|Posted by Conspiracy Cafe on November 25, 2019 at 8:45 AM|
GFS temperature and height analysis of the stratospheric polar vortex. Image by: SWE
By Andrej Flis | Global weather | 05 November 2019
We often hear the term “polar vortex” as we head closer to winter. But this season, we will talk about it earlier than expected. We recommend you read our tutorial article, on what is the polar vortex and why is it so significant for our weather?
WHAT IS THE POLAR VORTEX, AND WHY IS IT IMPORTANT?
Currently, the stratospheric polar vortex is strengthening, almost reaching near 40-year record high strength for this time of year at the 10mb (~30 km) level in the next few days.
November and early December, are periods when the polar vortex undergoes maximum intensification. Days are getting shorter, the pole is cooling and the pressure is dropping. If the polar vortex intensifies during this period to high power, it is very likely that it will help to create or boost a positive NAO pattern, meaning a milder winter. That is exactly what the model forecasts are currently indicating for winter. A strong stratospheric polar vortex also increases the polar circulation in the lower levels, which can lock the cold air in the polar circle, resulting in a boring winter.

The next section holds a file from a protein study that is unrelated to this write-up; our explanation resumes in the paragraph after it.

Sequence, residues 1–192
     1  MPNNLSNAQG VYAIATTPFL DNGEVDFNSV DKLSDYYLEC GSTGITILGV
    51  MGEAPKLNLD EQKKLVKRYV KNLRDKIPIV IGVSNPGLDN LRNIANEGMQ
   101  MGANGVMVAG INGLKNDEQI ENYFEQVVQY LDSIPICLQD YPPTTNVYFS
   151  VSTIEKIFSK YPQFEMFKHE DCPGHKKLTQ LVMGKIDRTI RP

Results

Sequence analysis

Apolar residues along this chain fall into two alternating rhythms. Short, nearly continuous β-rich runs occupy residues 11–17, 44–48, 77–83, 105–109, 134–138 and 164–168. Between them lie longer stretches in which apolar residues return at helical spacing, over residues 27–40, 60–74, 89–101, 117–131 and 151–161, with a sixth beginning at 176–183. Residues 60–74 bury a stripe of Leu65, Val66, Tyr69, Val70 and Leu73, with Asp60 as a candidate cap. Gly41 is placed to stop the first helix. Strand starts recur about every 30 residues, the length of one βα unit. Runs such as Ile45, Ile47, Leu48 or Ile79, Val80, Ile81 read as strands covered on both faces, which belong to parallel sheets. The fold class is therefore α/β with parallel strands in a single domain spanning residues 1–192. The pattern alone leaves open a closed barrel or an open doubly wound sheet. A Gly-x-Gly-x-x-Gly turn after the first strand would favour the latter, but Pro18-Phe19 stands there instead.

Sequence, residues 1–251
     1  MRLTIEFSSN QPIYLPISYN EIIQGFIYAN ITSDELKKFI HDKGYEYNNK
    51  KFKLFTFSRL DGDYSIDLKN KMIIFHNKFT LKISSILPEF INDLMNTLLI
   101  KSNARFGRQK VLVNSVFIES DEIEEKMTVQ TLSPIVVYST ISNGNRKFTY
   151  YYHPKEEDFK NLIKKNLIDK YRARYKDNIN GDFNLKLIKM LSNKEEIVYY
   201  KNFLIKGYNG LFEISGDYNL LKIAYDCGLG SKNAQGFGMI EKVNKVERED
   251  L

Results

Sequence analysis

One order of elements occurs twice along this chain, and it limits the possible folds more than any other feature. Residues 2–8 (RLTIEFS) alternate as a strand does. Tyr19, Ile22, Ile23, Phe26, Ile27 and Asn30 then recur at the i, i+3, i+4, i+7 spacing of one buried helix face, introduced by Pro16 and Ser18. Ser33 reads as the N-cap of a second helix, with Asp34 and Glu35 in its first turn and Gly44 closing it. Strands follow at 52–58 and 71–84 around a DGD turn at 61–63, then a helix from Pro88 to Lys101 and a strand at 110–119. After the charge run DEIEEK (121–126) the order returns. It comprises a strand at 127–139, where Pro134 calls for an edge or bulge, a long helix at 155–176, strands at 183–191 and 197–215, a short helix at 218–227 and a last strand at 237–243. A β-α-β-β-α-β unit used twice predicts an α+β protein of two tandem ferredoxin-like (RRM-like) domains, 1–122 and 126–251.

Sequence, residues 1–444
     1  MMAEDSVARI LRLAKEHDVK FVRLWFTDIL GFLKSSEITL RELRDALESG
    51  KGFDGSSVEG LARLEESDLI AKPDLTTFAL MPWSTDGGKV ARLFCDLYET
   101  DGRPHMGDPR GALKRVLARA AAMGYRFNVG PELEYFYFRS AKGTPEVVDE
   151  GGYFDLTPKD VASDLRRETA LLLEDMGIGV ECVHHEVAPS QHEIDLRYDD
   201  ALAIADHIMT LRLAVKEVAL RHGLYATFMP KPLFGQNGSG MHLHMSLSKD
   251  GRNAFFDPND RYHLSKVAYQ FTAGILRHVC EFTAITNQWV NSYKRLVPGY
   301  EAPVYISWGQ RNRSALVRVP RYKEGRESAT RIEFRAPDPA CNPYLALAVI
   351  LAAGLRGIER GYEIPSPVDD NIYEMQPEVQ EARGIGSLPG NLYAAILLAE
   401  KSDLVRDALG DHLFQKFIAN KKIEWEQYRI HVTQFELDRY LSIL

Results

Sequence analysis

But weather is always dynamic. It goes through changes on a daily and hourly basis all around the world, interconnected on multiple levels. Sometimes we have a more dynamic and active weather pattern across the Northern Hemisphere. More dynamic global circulation patterns (higher number of strong high&low pressure systems), can exhibit a lot of energy in various forms. If the dynamics are in the right place, they can radiate/deflect some of that energy upwards into the higher levels of the atmosphere. When/if that energy reaches higher atmospheric levels (and strong enough), it can cause warming and pressure on the stratospheric polar vortex, in the form of waves. They help slowing it down, weakening it and in some cases when the disruption/warming is strong enough, we can completely destroy/displace the polar vortex, and warm up the polar stratosphere. That is called a Sudden Stratospheric Warming event (SSW). The criteria for designating such an event, is the wind reversal in the polar stratosphere, which means that the polar vortex has lost its strength, and the polar high (“anti-vortex” is dominating. So not every warming is an SSW event, because we also need to remove the polar vortex from its frozen throne. With some time delay, as the polar vortex weakens, the pressure also usually rises on the surface over the Arctic, which means the cold polar air can move more easily down south towards Europe or USA.
GFS model forecast of the polar vortex and the minor warming event at 10mb level. Image by: SWE